I've been getting this question a lot lately. I'm guessing because the holidays just came and went and some people were working through the festivities, while others were suffering the repercussions of industry 'divorce.'
This holiday season I heard about so many ends of the spectrum:
1. A guy who recently lost an executive job who couldn't fully enjoy his holidays due to the stress of being out of work and wanting a new job. While he will get another one, the question is when, and how do you make the most of enjoying the time you have off to be with the ones you love, while keeping the faith that something else will come along?
2. An actress and mom whose husband is a movie producer, and away from the family for 7 months at a time. This puts so much stress on the family, because she and her two young kids miss their dad, and he misses them. Of course, he has a great paying job and is thinking about the future. So, do you appreciate that your husband is working hard now for your future, knowing that it won't always be this way? Or do you look for another kind of job in a job market that isn't fantastic?
3. Then there's the story of the typical scenario of a crew working long hours and days, kissing the kids goodnight on a Sunday and not seeing them awake again until Friday, missing milestones, missing birthdays. And what if both parents are working in the business?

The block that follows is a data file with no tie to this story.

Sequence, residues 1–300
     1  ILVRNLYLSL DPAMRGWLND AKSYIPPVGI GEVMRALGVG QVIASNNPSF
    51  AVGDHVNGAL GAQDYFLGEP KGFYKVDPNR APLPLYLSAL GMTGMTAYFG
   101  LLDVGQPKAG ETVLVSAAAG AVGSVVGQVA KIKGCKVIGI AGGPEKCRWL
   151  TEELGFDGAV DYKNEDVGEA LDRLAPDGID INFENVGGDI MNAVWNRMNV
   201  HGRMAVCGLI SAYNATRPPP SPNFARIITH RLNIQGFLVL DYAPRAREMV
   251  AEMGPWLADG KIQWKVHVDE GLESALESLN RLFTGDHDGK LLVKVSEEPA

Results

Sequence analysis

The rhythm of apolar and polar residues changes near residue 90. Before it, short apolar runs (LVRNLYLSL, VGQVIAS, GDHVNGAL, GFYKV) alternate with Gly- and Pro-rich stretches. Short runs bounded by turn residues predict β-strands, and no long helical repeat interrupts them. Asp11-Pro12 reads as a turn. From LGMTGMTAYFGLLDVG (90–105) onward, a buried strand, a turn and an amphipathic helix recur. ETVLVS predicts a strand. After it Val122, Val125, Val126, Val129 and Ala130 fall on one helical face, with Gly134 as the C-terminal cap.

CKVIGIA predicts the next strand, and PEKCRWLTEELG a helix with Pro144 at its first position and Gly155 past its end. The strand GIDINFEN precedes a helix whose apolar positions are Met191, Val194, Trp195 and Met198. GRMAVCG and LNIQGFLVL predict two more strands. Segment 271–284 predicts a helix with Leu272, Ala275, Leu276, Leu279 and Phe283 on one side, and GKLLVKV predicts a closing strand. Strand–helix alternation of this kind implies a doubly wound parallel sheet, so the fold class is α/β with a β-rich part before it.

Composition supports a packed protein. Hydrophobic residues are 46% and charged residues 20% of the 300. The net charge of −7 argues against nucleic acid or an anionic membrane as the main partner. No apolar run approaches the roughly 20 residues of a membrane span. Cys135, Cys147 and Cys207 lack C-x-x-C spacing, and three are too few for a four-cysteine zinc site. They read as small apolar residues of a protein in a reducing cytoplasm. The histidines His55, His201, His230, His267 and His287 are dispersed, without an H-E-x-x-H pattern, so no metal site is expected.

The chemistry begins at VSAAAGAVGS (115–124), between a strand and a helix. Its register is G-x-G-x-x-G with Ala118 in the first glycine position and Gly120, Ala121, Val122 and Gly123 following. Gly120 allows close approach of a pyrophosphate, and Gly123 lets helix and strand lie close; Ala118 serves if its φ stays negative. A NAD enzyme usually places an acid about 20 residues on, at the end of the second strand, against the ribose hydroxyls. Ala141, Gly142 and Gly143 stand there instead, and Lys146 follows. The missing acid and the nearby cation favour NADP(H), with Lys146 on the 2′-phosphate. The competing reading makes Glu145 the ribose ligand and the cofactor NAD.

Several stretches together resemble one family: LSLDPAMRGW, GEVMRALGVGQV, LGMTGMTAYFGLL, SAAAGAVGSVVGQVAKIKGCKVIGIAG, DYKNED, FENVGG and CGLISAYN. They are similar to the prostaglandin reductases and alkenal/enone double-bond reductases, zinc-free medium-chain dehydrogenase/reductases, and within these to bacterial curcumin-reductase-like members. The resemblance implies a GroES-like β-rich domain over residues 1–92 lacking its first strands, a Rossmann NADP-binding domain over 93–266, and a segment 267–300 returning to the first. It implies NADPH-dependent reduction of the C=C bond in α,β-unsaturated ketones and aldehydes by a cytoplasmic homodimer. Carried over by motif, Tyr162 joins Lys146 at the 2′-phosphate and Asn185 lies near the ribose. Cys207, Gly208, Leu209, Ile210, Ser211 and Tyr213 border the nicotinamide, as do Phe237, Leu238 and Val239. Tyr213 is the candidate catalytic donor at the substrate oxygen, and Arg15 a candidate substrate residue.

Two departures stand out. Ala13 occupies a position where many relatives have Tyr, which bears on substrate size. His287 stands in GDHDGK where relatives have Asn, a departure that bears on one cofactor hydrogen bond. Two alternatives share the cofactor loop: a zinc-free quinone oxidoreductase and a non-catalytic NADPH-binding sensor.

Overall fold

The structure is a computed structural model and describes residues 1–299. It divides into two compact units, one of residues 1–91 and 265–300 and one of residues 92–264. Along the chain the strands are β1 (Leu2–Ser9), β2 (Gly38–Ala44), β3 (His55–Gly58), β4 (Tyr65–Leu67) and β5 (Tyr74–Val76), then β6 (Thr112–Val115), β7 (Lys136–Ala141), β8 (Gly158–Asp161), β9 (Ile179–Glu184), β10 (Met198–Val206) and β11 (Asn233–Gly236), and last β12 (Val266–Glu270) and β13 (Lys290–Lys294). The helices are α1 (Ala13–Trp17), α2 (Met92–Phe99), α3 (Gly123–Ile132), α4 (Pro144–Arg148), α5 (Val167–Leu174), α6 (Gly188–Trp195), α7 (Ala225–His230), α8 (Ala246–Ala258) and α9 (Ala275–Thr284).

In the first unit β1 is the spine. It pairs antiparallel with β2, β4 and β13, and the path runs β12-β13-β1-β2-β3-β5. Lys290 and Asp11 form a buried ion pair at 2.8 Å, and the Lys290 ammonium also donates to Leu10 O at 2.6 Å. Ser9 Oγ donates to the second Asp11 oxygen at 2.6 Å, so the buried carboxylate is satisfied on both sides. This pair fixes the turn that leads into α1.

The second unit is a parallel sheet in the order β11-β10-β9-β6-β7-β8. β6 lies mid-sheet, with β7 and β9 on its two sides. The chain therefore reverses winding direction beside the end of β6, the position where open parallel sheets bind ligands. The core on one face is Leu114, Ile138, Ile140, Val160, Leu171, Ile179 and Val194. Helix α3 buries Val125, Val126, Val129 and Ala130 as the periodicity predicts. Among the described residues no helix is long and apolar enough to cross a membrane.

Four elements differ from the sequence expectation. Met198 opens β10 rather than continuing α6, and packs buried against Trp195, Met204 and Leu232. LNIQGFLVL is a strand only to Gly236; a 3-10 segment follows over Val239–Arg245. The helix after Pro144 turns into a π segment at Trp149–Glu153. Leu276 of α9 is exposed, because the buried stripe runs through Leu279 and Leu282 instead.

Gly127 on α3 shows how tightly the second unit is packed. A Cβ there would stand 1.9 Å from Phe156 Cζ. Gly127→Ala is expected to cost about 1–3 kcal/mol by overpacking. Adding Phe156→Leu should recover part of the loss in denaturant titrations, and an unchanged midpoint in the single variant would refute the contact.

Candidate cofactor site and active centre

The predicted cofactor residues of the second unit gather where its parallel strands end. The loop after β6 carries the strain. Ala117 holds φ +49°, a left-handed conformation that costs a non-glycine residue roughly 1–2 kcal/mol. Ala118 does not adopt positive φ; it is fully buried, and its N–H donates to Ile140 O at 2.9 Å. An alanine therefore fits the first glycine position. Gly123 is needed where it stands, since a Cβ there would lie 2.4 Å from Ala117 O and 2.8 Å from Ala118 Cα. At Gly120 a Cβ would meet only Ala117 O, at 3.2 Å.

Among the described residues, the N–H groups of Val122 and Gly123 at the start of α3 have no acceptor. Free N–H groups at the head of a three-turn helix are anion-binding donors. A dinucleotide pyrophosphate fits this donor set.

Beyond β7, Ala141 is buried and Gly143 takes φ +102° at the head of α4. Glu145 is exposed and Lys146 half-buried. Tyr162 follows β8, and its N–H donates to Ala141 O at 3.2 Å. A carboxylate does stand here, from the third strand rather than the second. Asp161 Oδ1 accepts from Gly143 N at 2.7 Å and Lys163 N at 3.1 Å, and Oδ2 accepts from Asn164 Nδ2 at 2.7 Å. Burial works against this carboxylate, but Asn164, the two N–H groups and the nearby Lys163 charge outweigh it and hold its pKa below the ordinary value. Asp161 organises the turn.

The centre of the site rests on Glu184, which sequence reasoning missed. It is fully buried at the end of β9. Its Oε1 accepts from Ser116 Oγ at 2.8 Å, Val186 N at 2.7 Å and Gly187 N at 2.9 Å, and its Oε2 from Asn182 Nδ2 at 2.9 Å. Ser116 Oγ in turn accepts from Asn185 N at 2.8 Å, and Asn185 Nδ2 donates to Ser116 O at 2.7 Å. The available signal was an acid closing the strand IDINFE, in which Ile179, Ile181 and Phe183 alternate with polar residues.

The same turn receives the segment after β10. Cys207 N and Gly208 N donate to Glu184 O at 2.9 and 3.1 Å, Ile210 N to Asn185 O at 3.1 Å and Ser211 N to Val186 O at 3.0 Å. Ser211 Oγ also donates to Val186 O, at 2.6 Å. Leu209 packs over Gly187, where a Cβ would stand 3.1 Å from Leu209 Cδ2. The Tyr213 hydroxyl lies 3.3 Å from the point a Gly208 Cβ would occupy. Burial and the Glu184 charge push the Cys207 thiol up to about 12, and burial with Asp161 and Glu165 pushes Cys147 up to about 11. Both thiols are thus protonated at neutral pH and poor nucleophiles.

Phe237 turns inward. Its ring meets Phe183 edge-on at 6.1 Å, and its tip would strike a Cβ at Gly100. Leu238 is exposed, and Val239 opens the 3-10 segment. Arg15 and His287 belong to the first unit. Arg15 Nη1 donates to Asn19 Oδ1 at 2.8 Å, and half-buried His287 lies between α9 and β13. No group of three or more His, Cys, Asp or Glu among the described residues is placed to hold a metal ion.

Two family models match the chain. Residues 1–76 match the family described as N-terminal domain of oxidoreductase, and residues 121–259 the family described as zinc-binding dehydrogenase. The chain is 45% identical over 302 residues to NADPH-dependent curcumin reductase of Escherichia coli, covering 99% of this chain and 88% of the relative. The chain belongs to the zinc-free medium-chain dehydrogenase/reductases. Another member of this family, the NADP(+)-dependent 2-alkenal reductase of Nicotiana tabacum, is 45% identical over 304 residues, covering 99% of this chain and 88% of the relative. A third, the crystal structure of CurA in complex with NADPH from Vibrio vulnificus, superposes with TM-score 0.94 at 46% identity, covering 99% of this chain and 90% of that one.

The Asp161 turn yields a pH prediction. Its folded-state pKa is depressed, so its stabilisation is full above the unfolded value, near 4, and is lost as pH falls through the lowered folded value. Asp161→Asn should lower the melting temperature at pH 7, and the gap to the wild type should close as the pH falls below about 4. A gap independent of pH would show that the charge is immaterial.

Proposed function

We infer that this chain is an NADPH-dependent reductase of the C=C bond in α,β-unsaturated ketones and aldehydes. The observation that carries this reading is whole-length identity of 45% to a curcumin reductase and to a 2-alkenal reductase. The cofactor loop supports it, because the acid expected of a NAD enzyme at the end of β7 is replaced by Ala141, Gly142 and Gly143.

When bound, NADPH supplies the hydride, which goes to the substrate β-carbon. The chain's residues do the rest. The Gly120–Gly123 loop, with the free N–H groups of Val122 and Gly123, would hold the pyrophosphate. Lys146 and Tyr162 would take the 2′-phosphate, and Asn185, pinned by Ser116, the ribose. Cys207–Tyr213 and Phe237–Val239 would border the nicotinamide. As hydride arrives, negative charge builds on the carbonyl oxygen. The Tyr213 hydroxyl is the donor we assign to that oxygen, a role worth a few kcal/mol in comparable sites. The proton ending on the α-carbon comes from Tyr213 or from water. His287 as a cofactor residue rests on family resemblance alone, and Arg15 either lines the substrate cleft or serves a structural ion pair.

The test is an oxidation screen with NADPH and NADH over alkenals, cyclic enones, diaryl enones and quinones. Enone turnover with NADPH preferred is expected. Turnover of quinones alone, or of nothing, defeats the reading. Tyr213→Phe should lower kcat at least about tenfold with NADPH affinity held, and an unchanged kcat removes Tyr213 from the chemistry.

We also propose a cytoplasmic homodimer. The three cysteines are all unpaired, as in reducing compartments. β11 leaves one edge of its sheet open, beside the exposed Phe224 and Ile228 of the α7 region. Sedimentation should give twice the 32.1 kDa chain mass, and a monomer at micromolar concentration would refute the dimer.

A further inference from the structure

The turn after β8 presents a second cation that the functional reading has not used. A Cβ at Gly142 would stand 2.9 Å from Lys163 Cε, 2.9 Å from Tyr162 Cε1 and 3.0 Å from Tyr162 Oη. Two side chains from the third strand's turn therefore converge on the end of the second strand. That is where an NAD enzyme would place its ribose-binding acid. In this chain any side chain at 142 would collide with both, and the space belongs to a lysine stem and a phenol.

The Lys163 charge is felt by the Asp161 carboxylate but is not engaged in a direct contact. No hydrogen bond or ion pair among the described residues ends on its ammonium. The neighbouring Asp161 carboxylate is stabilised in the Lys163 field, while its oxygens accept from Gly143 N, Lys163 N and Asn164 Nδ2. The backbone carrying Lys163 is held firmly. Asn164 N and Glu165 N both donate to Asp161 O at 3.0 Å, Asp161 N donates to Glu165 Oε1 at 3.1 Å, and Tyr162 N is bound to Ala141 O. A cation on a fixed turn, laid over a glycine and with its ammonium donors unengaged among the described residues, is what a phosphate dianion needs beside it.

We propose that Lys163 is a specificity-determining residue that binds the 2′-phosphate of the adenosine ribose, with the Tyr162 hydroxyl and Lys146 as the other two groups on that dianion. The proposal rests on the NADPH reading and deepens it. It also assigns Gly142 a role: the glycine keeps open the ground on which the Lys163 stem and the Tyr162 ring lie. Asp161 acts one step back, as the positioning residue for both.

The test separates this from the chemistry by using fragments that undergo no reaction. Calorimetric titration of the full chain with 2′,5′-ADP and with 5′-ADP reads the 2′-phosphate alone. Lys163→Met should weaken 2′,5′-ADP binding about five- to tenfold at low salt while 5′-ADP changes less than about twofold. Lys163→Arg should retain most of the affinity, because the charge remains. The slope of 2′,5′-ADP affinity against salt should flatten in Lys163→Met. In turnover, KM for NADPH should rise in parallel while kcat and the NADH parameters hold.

I've addressed this question before, and I ask every mentor in my Greenlight Mentor Program to address it as well, and the bottom line, is every family deals with it differently.
Here's what I think are the important elements to remember when entering into a relationship and as it progresses:
1. Be completely honest about where you want your career to go and what your partner can expect from our industry once you achieve those goals.
2. When discussing children, as a couple, meet with other entertainment industry couples and get their perspective on how they manage, the pros and the cons.
3. Always share your passion but never make the job seem more important though you may be choosing to take the work over a family vacation, explain your reasons for taking it and the nature of the industry, so they understand. Depending on how old kids are or how lonely a spouse is, they may not like it, but at least you're being open about why things are how they are.
4. Whenever possible, include your family, invite them to location, so they can see you in your element.
5. Use Skype, and other forms of communication while you are out of town or on the job, even when you're tired. Push yourself to make the effort.
For more tips and articles by top entertainment industry career coach, The Greenlight Coach, visitwww.TheGreenlightCoachBlog.com
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